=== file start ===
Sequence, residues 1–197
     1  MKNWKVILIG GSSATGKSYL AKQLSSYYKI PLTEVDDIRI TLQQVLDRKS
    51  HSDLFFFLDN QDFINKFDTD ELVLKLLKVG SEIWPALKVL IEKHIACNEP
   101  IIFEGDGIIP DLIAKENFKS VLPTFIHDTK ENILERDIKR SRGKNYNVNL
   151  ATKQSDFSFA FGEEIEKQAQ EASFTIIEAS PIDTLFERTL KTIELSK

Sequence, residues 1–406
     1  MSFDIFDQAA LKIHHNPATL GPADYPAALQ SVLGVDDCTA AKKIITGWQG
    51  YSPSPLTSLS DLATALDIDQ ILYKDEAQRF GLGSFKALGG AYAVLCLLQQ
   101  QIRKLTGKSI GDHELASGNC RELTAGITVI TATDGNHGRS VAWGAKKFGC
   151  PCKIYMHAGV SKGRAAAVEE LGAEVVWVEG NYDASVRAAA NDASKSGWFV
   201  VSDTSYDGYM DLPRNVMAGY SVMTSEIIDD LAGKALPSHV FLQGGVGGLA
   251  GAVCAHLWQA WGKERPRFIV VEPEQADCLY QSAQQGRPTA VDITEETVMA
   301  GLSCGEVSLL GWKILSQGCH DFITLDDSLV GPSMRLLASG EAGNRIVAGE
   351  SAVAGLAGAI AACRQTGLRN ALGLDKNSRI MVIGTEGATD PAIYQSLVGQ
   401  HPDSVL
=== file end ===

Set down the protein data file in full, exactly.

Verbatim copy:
Sequence, residues 1–197
     1  MKNWKVILIG GSSATGKSYL AKQLSSYYKI PLTEVDDIRI TLQQVLDRKS
    51  HSDLFFFLDN QDFINKFDTD ELVLKLLKVG SEIWPALKVL IEKHIACNEP
   101  IIFEGDGIIP DLIAKENFKS VLPTFIHDTK ENILERDIKR SRGKNYNVNL
   151  ATKQSDFSFA FGEEIEKQAQ EASFTIIEAS PIDTLFERTL KTIELSK

Sequence, residues 1–406
     1  MSFDIFDQAA LKIHHNPATL GPADYPAALQ SVLGVDDCTA AKKIITGWQG
    51  YSPSPLTSLS DLATALDIDQ ILYKDEAQRF GLGSFKALGG AYAVLCLLQQ
   101  QIRKLTGKSI GDHELASGNC RELTAGITVI TATDGNHGRS VAWGAKKFGC
   151  PCKIYMHAGV SKGRAAAVEE LGAEVVWVEG NYDASVRAAA NDASKSGWFV
   201  VSDTSYDGYM DLPRNVMAGY SVMTSEIIDD LAGKALPSHV FLQGGVGGLA
   251  GAVCAHLWQA WGKERPRFIV VEPEQADCLY QSAQQGRPTA VDITEETVMA
   301  GLSCGEVSLL GWKILSQGCH DFITLDDSLV GPSMRLLASG EAGNRIVAGE
   351  SAVAGLAGAI AACRQTGLRN ALGLDKNSRI MVIGTEGATD PAIYQSLVGQ
   401  HPDSVL